5 ‘dumb things’ smart vets do in their job search
Transitioning out the military into the civilian marketplace can seem daunting, even if you have prepared for it. Moving from a regulated environment to one that is less defined than the military can be more time consuming than you might have thought.
Regardless of how well you succeeded in your military career, there are job search skills you must learn to develop for your civilian career path.
Here are five “dumb things” that really smart veterans do that affect their job search:
Relying on one resume. In today’s job market, you will need multiple resumes for different strategies. Using one type of resume for every employer is an outdated approach that will lengthen your transition. Instead use a variety of resume formats such as; chronological, functional and combination that will best meet the employer’s need in a clear, concise way. You may need to use one page or multiple pages depending on your situation.
Assuming employers know their skills. Landing a good job requires selling yourself. To effectively sell your skills, you need to “translate” your military experience and verbalize them in a way that adds value to the workplace. Think like an employer who does not understand military jargon. Avoid using the same skills repeatedly in your resume and during your introduction with others.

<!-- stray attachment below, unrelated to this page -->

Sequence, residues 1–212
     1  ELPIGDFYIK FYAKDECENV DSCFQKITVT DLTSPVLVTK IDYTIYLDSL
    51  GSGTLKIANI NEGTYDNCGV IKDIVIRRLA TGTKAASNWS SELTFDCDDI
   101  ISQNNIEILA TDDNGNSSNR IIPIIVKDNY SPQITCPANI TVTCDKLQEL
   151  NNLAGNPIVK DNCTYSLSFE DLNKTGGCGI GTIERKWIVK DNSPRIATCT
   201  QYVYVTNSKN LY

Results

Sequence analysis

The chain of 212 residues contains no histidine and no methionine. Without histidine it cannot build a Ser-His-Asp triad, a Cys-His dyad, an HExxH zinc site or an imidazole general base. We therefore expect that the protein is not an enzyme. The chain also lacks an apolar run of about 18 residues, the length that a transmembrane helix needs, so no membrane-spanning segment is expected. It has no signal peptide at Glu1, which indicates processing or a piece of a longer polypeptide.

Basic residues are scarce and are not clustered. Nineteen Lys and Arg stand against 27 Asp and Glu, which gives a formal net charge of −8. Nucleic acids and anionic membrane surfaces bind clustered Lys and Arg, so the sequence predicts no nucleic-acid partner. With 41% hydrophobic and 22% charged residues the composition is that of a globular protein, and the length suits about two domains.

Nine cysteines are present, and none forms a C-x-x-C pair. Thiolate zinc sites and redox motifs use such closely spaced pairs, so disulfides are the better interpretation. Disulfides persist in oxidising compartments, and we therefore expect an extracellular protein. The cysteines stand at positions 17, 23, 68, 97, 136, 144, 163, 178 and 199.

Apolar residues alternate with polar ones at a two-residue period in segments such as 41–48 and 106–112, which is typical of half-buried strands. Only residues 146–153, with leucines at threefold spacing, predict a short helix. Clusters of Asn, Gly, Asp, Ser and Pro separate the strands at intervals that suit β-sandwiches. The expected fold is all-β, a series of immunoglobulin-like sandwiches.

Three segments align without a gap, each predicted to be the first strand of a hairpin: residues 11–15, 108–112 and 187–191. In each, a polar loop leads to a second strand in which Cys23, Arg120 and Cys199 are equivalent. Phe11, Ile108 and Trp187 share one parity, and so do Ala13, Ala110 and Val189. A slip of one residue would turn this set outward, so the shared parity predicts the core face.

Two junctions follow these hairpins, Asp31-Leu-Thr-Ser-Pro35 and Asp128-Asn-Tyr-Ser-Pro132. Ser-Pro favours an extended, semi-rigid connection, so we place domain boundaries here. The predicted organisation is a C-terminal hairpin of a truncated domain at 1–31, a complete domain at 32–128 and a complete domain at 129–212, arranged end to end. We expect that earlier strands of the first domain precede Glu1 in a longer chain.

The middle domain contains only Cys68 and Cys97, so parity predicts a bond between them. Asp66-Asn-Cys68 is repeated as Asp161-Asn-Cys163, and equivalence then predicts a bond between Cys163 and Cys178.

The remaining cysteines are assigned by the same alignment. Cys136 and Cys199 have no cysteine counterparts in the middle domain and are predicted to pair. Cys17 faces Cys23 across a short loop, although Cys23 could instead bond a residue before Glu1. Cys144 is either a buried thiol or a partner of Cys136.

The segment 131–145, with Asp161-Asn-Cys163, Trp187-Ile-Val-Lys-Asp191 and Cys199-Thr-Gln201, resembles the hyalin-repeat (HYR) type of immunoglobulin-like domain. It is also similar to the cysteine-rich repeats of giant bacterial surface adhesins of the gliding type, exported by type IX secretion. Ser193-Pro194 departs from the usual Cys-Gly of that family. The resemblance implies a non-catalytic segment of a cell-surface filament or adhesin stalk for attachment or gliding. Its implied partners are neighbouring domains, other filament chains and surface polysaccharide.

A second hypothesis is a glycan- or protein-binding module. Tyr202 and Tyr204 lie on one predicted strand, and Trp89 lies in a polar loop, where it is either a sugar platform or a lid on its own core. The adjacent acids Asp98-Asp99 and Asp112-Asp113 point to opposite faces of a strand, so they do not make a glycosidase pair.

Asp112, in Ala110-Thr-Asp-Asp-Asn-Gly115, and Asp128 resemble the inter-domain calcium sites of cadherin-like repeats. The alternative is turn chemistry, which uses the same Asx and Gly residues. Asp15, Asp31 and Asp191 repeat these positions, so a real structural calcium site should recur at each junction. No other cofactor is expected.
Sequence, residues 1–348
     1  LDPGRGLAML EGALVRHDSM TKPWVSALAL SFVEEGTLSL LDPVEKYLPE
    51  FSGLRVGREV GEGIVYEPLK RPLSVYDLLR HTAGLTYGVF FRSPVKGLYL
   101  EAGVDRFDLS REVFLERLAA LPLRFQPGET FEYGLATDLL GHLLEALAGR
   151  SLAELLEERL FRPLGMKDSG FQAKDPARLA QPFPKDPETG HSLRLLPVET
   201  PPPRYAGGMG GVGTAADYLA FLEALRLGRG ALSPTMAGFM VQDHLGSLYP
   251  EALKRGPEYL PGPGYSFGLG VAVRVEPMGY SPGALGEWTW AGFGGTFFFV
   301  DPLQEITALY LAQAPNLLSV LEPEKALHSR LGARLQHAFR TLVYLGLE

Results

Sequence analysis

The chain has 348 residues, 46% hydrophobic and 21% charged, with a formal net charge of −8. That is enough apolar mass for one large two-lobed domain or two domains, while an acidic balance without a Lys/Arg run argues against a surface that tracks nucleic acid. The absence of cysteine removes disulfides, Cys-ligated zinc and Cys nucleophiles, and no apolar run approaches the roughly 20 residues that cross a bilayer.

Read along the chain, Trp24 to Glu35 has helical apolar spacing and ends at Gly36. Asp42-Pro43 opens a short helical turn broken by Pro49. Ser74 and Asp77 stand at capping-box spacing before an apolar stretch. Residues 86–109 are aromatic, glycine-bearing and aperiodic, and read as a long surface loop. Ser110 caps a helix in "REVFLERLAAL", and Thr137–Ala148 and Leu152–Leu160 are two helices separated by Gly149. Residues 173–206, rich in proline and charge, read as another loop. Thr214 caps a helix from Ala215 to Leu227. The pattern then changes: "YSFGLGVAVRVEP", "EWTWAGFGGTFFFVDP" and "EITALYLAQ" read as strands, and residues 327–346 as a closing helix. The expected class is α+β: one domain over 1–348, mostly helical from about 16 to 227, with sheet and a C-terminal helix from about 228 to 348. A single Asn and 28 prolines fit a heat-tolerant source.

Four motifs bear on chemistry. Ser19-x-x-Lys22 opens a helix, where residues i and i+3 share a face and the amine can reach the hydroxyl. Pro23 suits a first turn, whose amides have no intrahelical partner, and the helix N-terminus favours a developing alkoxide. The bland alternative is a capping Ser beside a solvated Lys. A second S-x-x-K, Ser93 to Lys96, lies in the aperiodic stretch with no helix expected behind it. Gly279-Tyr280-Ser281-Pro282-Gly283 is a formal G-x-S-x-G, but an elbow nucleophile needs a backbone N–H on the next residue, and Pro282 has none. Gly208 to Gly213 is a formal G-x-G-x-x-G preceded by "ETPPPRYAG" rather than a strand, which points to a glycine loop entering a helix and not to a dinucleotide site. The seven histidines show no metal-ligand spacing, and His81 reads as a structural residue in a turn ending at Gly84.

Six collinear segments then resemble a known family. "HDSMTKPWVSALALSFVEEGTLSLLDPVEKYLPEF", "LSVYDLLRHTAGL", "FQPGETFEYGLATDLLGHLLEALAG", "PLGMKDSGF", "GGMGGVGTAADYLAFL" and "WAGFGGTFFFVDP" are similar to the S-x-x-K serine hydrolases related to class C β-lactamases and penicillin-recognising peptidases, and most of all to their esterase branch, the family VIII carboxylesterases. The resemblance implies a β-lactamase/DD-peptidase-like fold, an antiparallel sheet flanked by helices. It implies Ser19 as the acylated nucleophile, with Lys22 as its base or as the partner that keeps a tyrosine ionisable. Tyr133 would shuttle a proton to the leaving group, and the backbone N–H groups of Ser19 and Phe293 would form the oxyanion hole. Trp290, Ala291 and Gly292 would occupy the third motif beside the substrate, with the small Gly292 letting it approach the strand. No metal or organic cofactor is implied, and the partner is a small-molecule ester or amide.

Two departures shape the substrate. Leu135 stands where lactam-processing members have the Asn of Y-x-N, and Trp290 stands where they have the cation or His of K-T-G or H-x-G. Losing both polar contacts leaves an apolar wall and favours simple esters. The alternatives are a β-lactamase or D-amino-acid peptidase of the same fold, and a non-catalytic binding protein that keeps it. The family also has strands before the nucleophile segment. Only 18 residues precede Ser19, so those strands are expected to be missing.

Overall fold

For example, leadership is important, but you bring other abilities as well such as organization, critical thinking and problem solving.
Misunderstanding interviewing. Many times, the most qualified candidate doesn’t get the job, rather it’s the one who knows how to build rapport and connects their skills to the employer’s needs.
Interviewing is an exchange of information, and it’s your job to make sure the interviewer understands how your experience will help them solve their business problems. Pay attention to your non-verbal language as well as how you answer questions. Practice asking open-ended questions to convey you understand the job position.
Searching without a personal brand. Teamwork in the military is a core value, and employers appreciate your understanding of teams. However, in a job search, you are marketing your unique skills to an employer.
A simple definition of a personal brand is the way people remember you. You can start creating your personal brand by answering two questions: who are you and how do you want to be seen?
Fixating on what they lack. Job searching can be stressful due to the “unknown” aspect of change. No doubt, veterans will bring with them top-notch skills in both leadership and technical areas, but in the civilian market you may need to acquire different skills for specific jobs.
Kimberly Thompson is a board-certified counselor. Send questions to email@example.com or Houston Chronicle, P.O. Box 4260, Houston, TX 77210. Visit her blog at www.blogs.chron.com/careerrescue.